Magazine
Old but Faithful

December 11, 2006

Former Park Service supervisors Bill Wade and Ron Arnberger formed the Coalition of National Park Service Retirees to defend the national parks from what they see as the Bush administration’s ill-conceived changes. Also in this issue: Six decades after Friant Dam killed off the San Joaquin River’s spring-run chinook, the Natural Resources Defense Council and the Friant Water Users Authority are working with the federal government to restore both the fish and the river.

Feature

Old but Faithful
Former Park Service supervisors Bill Wade and Rob Arnberger formed the Coalition of National Park Service Retirees to defend the national parks from what they see as the Bush administration’s ill-conceived changes

Editor's Note

Whistling in the park
Whistleblowing is not as romantic as Woodward’s "Deep Throat" makes it sound, but the retired public servants who make up the Coalition of National Park Service Retirees are doing valuable work, blowing the whistle for the sake of the national parks

Uncommon Westerners

Have knives and hooks, will travel
Taos County’s new Mobile Matanza is a rolling livestock butchering unit that travels to the region’s far-flung family ranchers

Essays

Dina's Place
An 8-year-old named Dina leads the author down to her own "special place" by the Big Sioux River on the Indian reservation that is home to the troubled child

Writers on the Range

They should shoot horses, shouldn't they?
Wild horses are not native to the West, and they do not deserve our protection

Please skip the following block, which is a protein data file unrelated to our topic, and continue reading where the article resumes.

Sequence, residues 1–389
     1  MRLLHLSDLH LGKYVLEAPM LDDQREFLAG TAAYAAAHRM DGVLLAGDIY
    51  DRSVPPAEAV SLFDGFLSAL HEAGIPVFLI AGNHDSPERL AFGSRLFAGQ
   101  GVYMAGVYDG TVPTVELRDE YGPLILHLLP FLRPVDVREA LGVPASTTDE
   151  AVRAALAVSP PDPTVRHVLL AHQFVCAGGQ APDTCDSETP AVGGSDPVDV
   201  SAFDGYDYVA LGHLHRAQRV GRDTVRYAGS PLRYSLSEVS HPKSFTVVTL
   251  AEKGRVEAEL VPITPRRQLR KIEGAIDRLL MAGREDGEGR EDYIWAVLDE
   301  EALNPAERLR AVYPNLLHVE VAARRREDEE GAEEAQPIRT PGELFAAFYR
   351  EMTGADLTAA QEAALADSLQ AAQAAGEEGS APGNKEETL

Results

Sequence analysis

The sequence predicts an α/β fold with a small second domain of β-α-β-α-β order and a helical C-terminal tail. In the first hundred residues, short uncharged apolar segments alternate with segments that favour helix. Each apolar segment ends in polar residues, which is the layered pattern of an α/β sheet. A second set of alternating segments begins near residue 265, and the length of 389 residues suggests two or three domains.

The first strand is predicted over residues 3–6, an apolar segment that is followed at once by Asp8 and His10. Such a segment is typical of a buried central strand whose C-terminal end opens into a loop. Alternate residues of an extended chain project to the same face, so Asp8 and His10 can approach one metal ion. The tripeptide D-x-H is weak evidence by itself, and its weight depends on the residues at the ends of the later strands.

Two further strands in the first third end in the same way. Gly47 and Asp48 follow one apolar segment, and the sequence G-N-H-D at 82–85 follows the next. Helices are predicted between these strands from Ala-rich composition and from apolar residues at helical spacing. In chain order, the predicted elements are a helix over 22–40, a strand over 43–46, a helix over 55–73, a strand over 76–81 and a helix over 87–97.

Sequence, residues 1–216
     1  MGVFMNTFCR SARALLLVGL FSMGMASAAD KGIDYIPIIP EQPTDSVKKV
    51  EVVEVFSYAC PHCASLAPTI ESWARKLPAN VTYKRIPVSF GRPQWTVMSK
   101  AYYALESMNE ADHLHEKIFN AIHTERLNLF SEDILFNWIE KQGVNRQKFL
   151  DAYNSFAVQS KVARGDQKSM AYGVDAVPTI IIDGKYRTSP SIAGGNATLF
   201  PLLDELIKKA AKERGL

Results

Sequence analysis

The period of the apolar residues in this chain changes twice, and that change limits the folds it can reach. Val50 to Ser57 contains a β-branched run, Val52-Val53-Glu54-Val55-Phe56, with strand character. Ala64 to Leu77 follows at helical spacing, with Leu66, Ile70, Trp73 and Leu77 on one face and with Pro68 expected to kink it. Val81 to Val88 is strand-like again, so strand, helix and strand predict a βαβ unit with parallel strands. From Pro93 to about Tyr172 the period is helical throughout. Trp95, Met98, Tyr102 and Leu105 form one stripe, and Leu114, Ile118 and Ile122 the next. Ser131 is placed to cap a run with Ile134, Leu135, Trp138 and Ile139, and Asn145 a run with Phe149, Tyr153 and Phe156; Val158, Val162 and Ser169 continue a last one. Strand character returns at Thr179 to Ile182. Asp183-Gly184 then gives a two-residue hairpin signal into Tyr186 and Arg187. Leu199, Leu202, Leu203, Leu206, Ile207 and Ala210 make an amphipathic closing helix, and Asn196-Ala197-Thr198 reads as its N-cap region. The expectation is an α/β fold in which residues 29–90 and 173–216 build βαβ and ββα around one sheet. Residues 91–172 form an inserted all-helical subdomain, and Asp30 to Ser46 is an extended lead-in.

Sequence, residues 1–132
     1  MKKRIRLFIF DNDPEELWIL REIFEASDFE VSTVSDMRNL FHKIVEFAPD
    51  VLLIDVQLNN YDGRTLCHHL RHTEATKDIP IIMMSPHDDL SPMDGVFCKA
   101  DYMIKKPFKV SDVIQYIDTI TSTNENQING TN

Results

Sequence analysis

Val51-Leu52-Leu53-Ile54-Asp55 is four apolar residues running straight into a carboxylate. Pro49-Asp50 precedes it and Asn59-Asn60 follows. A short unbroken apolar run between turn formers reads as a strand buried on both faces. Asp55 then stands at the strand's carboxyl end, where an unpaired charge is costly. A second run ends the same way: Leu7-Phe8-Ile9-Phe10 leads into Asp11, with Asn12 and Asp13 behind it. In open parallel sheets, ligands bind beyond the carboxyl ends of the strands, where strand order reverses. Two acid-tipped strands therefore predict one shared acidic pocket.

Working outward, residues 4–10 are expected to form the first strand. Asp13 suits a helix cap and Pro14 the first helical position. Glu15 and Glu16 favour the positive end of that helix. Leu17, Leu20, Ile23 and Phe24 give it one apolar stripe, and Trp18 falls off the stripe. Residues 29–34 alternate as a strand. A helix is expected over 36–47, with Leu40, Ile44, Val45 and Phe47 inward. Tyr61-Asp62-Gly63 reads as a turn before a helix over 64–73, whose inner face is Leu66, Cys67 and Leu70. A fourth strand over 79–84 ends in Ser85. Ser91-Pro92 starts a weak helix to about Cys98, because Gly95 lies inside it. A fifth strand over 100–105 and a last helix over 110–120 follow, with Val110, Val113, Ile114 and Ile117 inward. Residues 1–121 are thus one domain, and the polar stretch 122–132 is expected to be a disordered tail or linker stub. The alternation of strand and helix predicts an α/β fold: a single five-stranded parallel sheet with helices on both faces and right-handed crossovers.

Dear Friends

Dear friends
Rick Craig wins Nelson Algren Award; visitors; Bill Frank Jr. and John Echohawk win Wallace Stegner Award; HCN is looking for good writers

News

River Redux
Six decades after Friant Dam killed off the San Joaquin River’s spring-run chinook, the Natural Resources Defense Council and the Friant Water Users Authority are working with the federal government to restore both the fish and the river
Environmental change
Sen. Pete Domenici, R-N.M., does an about-face and moves to protect New Mexico’s Valle Vidal from oil and gas drilling

Book Reviews

Travels in a sublime wasteland
In Sunshot: Peril and Wonder in the Grand Desierto, writer Bill Broyles and photographer Michael Berman explore the gritty desert on the U.S.-Mexico borderlands
Dancing to Biederbecke in Montana
In The Willow Field, his first novel, memoirist William Kittredge serves up an old-fashioned potboiler
The art of an alien landscape
In Westernness: A Meditation, poet and scholar Alan Williamson examines what it means to live in the West through the eyes of the region’s writers and artists

Heard Around the West

Heard around the West
True-blue Montana libertarian Stan Jones; neighbors helping neighbors steal cars in Arizona; "vanishing culture" vampires; only one flag allowed in Pahrump, Nev.; tampering with food in New Mexico; and the Forest Service is bipolar

Letters

Two Weeks in the West

Two weeks in the West
Colorado Lynx are in trouble; oil and gas bounty hunter is rebuked; Energy Department tests new larger containers for radioactive waste; saving money and salmon; Measure 37 cold war continues; public library use in the West; and snowmobile data

Sidebar

A director from central casting
Mary Bomar, the brand-new director of the National Park Service, worked her up through the agency’s bureaucracy